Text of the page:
Crystal Structures of the Outer Membrane Domain of Intimin and Invasin from Enterohemorrhagic E. coli and Enteropathogenic Y. pseudotuberculosis
ABSTRACT Intimins and invasins are virulence factors produced by pathogenic Gram-negative bacteria. They contain C-terminal extracellular passenger domains that are involved in adhesion to host cells and N-terminal β domains that are embedded in the outer membrane. Here, we identify the domain boundaries of an E. coli intimin β domain and use this information to solve its structure and the β domain structure of a Y. pseudotuberculosis invasin. Both β domain structures crystallized as monomers and reveal that the previous range of residues assigned to the β domain also includes a protease-resistant domain that is part of the passenger. Additionally, we identify 146 nonredundant representative members of the intimin/invasin family based on the boundaries of the highly conserved intimin and invasin β domains. We then use this set of sequences along with our structural data to find and map the evolutionarily constrained residues within the β domain.
- SourceAvailable from: Kornelia M Mikula[Show abstract] [Hide abstract]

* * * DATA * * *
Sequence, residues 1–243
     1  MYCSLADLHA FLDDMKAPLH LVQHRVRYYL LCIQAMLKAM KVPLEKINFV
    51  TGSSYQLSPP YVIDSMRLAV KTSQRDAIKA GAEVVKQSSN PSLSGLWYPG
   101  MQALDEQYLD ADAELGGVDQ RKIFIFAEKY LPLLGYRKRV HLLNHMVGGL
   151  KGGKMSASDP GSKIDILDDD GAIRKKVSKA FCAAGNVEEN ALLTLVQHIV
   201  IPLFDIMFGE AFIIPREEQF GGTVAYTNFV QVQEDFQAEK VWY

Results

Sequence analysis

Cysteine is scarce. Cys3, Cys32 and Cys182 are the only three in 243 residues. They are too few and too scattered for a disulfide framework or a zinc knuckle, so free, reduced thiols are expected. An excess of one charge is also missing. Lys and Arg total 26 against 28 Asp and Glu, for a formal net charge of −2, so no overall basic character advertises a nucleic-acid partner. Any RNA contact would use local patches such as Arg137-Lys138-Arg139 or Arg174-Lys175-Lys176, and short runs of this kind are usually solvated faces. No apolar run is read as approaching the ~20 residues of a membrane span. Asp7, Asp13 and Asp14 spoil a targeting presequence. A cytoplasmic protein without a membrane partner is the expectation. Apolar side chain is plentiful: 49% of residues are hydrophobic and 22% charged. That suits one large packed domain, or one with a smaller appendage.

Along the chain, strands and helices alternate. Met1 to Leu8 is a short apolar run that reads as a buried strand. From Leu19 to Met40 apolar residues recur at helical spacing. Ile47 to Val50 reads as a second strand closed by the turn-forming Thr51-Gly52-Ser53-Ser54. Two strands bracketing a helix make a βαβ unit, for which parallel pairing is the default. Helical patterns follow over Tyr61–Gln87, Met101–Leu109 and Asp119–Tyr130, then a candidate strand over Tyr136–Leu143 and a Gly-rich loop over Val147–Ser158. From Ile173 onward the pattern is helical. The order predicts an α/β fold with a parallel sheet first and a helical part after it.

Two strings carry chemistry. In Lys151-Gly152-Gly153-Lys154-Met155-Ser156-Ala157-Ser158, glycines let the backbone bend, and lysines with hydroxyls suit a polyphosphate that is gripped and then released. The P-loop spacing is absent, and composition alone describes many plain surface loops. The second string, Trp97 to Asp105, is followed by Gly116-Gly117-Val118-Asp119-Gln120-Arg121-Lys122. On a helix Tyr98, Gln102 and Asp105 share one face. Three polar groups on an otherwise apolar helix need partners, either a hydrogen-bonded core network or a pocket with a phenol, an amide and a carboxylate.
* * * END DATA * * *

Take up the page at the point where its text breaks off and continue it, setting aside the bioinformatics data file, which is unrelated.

ABSTRACT: Among the seventeen species of the Gram-negative genus Yersinia, three have been shown to be virulent and pathogenic to humans and animals-Y. enterocolitica, Y. pseudotuberculosis, and Y. pestis. In order to be so, they are armoured with various factors that help them adhere to tissues and organelles, cross the cellular barrier and escape the immune system during host invasion. The group of proteins that mediate pathogen-host interactions constitute adhesins. Invasin, Ail, YadA, YadB, YadC, Pla, and pH 6 antigen belong to the most prominent and best-known Yersinia adhesins. They act at different times and stages of infection complementing each other by their ability to bind a variety of host molecules such as collagen, fibronectin, laminin, β1 integrins, and complement regulators. All the proteins are anchored in the bacterial outer membrane (OM), often forming rod-like or fimbrial-like structures that protrude to the extracellular milieu. Structural studies have shown that the anchor region forms a β-barrel composed of 8, 10, or 12 antiparallel β-strands. Depending on the protein, the extracellular part can be composed of several domains belonging to the immunoglobulin fold superfamily, or form a coiled-coil structure with globular head domain at the end, or just constitute several loops connecting individual β-strands in the β-barrel. Those extracellular regions define the activity of each adhesin. This review focuses on the structure and function of these important molecules, and their role in pathogenesis.Frontiers in Cellular and Infection Microbiology 01/2012; 2:169. DOI:10.3389/fcimb.2012.00169 · 2.62 Impact Factor